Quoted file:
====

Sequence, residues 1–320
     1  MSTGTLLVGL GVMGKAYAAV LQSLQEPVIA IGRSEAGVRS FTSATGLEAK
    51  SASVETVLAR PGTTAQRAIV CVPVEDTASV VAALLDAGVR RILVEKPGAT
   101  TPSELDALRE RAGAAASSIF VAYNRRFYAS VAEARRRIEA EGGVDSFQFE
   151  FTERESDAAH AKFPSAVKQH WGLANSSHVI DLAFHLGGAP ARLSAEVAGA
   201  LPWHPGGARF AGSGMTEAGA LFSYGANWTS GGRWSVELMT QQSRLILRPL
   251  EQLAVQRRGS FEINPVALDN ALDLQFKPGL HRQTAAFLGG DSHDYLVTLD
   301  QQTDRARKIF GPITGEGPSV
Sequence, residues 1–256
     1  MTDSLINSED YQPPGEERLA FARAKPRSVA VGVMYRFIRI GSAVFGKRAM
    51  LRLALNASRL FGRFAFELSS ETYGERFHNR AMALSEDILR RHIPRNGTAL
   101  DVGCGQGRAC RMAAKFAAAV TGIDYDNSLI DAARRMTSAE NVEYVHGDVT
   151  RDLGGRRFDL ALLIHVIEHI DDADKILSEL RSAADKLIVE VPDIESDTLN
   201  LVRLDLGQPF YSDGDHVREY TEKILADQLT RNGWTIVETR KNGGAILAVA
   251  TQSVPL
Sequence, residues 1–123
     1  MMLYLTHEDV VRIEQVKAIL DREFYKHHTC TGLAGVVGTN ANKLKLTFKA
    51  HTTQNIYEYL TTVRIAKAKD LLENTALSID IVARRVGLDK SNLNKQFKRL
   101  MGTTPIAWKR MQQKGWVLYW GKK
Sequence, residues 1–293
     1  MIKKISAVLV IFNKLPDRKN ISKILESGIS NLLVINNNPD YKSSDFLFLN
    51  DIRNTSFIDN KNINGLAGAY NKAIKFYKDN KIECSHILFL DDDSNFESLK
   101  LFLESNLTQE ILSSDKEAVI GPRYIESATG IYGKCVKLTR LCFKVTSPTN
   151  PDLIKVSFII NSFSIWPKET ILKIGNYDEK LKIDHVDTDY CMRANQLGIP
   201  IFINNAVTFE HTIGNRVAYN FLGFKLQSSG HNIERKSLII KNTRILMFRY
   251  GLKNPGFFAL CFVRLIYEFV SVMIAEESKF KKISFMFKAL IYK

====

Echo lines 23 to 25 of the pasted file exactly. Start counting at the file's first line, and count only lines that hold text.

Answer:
   101  LFLESNLTQE ILSSDKEAVI GPRYIESATG IYGKCVKLTR LCFKVTSPTN
   151  PDLIKVSFII NSFSIWPKET ILKIGNYDEK LKIDHVDTDY CMRANQLGIP
   201  IFINNAVTFE HTIGNRVAYN FLGFKLQSSG HNIERKSLII KNTRILMFRY